Do mothers’ dieting and weight loss efforts affect their kids?
Parents play an essential role in many areas of their children’s lives, from success in school to friendships and even future romantic relationships. But can a mother’s efforts to lose weight have an effect on her children’s weight? That will be the focus of EMPOWER, a year-long Temple University pilot study that begins this fall.
“There are a lot of studies that demonstrate how children’s eating and physical activity habits mirror their mothers’,” said Katherine W. Bauer, assistant professor of public health in Temple’s College of Health Professions and Social Work and the study’s lead researcher. “Mothers also serve as gatekeepers to healthy opportunities at home. For example, mothers are often responsible for grocery shopping and what food is brought into the home.”
She said the researchers will be exploring whether working directly with mothers to help them eat better and take care of themselves will have a trickle-down effect on their pre-teen and teenage children, perhaps preventing future obesity among these children.
“There are already programs out there that focus on how to help children who are overweight improve their health habits, and these programs tend to instruct parents how to change and monitor their child’s behavior,” said Bauer, who is also faculty member in Temple’s Center for Obesity Research and Education (CORE). “With this study, we are saying to moms, ‘do something for yourself; take care of your health,’ which mothers don’t usually do. Take time to get yourself healthy and perhaps it will have a positive effect on your children.”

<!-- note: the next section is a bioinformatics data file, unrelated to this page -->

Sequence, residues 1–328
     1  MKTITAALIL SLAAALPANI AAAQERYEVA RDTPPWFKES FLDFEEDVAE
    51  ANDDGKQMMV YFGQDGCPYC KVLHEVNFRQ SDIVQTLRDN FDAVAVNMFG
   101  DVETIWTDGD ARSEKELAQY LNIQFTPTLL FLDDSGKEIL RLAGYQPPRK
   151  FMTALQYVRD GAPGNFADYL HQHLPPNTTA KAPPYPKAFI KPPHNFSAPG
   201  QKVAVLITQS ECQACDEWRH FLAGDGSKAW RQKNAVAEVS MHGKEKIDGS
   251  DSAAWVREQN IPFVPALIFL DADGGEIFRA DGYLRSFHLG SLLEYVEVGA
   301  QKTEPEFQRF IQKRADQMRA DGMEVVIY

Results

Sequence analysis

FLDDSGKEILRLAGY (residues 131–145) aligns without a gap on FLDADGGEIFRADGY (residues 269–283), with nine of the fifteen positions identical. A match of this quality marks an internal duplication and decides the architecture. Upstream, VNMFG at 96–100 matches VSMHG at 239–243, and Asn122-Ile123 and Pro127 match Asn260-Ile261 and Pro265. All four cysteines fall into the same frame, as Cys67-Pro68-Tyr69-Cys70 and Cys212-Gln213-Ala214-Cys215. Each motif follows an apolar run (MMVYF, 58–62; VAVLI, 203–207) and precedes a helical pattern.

The study will examine 66 mothers with children between the ages of 11-16, with the first weight loss group beginning in September. Mothers will participate in CORE’s three-month weight loss program, during which they will come to CORE once a week for group sessions.
Bauer is currently recruiting mother-children pairs for the study. Mothers who are overweight, desire to lose weight and have children between the ages of 11-16 can contact CORE at 215- 707-5782 or email email@example.com to find out more about the study.
The study is being funded through a Temple College of Health Professions and Social Work Research Seed Grant.